Oncologists Urge Congress To Act On Cancer Drug Shortages

The House Energy & Commerce subcommittee on health held a hearing on Tuesday to examine avenues for improving preparedness against public health security risks.

The hearing occurred amid an ongoing shortage of chemotherapy drugs in the U.S.

A recent survey found that a majority of cancer centers are reporting shortages of commonly used chemotherapy drugs used to treat a wide variety of cancers.

Much of the current shortage stems from the temporary closure of a drug manufacturing facility in India that happened after the Food and Drug Administration (FDA) found issues in the plant’s quality control.

While the federal government has taken some action to alleviate the scarcity, including importing drugs from other countries, members of the health care community say this shortage is a culmination of a years-long trend that will need an industry-wide fix.

“Frustration and outright anger do not begin to describe how I feel in reading heartbreak stories of patients with cancer not being able to receive treatment due to shortages of decades-old, low-cost generic drugs,” Ted Okon, executive director of the Community Oncology Alliance, told the House panel on Tuesday.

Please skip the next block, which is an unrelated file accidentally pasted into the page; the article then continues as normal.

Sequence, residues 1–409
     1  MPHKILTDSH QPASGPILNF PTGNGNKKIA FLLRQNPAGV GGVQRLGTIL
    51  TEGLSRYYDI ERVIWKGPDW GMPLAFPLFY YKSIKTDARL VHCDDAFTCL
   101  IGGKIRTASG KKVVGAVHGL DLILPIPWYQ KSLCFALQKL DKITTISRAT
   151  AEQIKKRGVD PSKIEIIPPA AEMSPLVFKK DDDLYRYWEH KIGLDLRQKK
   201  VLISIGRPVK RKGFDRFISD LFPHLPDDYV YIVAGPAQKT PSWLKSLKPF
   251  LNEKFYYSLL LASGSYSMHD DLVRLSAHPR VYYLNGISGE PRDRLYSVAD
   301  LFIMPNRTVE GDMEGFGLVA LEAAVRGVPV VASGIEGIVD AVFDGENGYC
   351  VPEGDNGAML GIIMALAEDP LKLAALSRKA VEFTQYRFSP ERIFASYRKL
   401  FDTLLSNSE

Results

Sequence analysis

Generic drugs like the chemotherapy agents currently in short supply are manufactured with razor-thin margins, leading drugmakers to often operate at capacity and leaving the market with few players.

Okon also warned about shoddy conditions leading plants to close.

“Today’s shortages are the worst that I’ve seen in my 30-year career,” Julie Gralow, Chief Medical Officer and executive vice president for the American Society of Clinical Oncology.

She warned that up to 500,000 U.S. cancer patients a year could be impacted by these shortages.

Ever since supply chains were impacted by the coronavirus pandemic, the medical community has called on Congress to issue policies to change and improve supply lines.

Recommendations coming from medical groups include incentivizing the development of new manufacturing technology, improving how the U.S. Strategic National Stockpile functions and enacting more requirements on manufacturers so authorities can better anticipate potential shortages.


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